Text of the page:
With Plaid on-board, Visa can pursue its Open Platform strategy at full speed. Currently, Plaid allows 2,600+ app developers to connect to users’ bank accounts easily. But, together with Visa, Plaid can utilize Visa’s network and infrastructure to offer new capabilities, such as cross-border money movements or fund distributions and collections, to those developers from the get-go. Fintech partners can connect to, interact with, and create and exchange value with each other through Visa’s network. In return, Visa stands to get large transaction flows from the 200+ million customer accounts that are powered by Plaid.

The popularity of Plaid highlights startups’ growing demand to add financial services to their product offerings. Software-as-a-service (SaaS) companies can monetize by offering financial services, serving as a new revenue stream with zero customer acquisition cost and creating a moat around the business. Fintech is no longer a primary business model, but also a secondary business model for startups (think of it as an ingredient to the main dish). Japan’s largest e-commerce site Rakuten, for example, has 40% of its revenue from financial services. Another example is Shopify, a website that helps small businesses set up e-commerce stores, which has more than half of its revenue from payment processing.

This is an emerging opportunity not only for startups but also for banks who can leverage those startups as a new distribution channel, apart from bank branches and digital banking apps. There are three strategies that banks can pursue to capitalize and capture a piece of this pie:

1) A Closed Ecosystem: Banks directly integrate with startups to offer financial products on third-party platforms. An example of this is Grab Thailand which offers Grab Wallet powered by KBank. In this model, banks would have to dedicate its resources to do the heavy lifting work of allowing its legacy system to communicate with third-parties’ systems. Since most banks still employ complex centralized technical infrastructure, changing such systems to allow external access is not easy and may result in unintended consequences. Due to the significant requirements of both time and resources, banks are generally selective of the partners, prioritizing by the scale of the partners, thus, early-stage companies often get relatively low priorities.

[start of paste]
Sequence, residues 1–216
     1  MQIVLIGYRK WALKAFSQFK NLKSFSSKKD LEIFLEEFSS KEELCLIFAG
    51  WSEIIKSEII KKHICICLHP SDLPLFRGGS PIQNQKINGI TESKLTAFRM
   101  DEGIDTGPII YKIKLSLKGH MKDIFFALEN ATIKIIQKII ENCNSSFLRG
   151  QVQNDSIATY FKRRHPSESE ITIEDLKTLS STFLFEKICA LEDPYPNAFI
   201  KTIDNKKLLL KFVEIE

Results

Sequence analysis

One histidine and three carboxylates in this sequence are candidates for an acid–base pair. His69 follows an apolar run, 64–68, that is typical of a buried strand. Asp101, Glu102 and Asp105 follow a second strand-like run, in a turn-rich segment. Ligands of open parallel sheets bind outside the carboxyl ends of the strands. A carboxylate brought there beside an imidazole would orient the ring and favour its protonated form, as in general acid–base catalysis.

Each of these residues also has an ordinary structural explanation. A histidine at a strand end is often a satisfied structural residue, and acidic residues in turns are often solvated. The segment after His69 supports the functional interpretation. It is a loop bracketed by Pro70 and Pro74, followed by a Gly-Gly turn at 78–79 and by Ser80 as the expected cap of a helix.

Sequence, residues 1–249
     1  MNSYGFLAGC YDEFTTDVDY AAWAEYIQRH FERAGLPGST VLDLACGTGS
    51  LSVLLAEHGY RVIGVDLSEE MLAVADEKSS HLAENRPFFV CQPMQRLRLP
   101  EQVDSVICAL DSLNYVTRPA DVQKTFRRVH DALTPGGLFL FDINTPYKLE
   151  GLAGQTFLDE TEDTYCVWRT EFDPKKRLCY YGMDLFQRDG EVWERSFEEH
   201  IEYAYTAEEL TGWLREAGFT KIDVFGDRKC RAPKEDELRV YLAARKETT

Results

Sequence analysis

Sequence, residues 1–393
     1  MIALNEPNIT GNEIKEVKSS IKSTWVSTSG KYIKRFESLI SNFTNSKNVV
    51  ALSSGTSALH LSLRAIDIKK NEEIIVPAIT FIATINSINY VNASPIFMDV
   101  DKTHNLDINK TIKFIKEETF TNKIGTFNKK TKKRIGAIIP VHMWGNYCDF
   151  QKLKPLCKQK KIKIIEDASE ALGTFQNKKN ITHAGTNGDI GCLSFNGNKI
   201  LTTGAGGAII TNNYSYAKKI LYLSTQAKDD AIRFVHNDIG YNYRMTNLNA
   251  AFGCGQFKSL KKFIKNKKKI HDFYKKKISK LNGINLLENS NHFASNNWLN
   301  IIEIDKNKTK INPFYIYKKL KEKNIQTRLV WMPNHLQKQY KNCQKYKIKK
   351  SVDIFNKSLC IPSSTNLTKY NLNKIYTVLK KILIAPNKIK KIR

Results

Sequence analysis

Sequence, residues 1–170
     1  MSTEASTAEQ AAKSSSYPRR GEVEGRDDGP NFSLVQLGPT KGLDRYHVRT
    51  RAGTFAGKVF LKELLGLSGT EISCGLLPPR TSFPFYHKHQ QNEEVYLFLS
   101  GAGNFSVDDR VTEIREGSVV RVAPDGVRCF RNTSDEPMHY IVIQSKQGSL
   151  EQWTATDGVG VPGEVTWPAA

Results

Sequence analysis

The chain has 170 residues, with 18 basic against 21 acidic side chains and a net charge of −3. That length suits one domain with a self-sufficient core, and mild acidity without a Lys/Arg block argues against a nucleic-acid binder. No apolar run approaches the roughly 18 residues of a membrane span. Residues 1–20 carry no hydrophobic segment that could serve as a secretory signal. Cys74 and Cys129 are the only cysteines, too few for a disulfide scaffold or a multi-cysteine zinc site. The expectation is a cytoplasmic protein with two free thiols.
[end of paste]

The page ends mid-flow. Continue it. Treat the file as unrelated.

2) An Open Ecosystem: On the other end of the spectrum, banks can turn itself into an Open Platform, changing its centralized system into microservices that can interact with one another through application programming interfaces (APIs). Third-parties can then build and test their software on top of the banks’ infrastructure easily without the risk of messing up the banks’ centralized systems. Adopting this Open Platform strategy is not a difficult decision, but one that requires a strong commitment from the bank’s management and a complete overhaul of the banks’ monolithic legacy system (e.g., mainframe); this ‘transformation’ process can take years.

3) A Semi-Open Ecosystem: There exists a middle ground, a model that banks can adopt as they slowly progress towards an Open Platform. Banks can work with startups that act as middlemen between banks and other startups. These middlemen – so-called ‘core wrappers’ –  are doing the heavy lifting work of connecting with banks through APIs, wrap the integrations within its platform, and open its platform to other third parties to build or offer financial services to end customers.

This is where Plaid comes in. We can think of Plaid as Amazon for e-commerce. Before Amazon, merchants had to do everything from inventory storage, packaging, distribution, to return handling and customer support. With Amazon, those issues are taken care of, and merchants can focus on their core activities and what they’re good at. In the same way, Plaid acts as a middleman between banks and startups, providing a one-stop-platform for bank account access to third-party apps.

Many other startups are considered Core Wrappers for a variety of financial use cases. Stripe allows developers to process online payments and money transfers from a customer’s bank account into a merchant’s bank. Nium (previously Instarem) allows corporations and SMEs to send money cross-border, spend money through Nium-issued prepaid cards, and collect money from counterparty abroad. Synapse offers end-to-end banking services to app developers, eliminating the need for startups to identify bank partners and initiate one-to-one integration with the bank. Startups can easily offer financial services on its app by just plugging into Synapse.

Software is rapidly changing how financial services are offered. We are transitioning into the Banking 3.0 era where financial services are no longer sold in a physical bank branch (Banking 1.0) or mobile banking app (Banking 2.0) but are offered and sold through third-party platforms. Financial service is no longer a standalone service, but it’s being abstracted away and served to the customers in a digital-native way, wherever they are, and in a way that they are used to, instant and seamless.

Author: Nattariya (Nat) Wittayatanaseth

Editors: Woraphot Kingkawkantong, Vitavin Ittipanuvat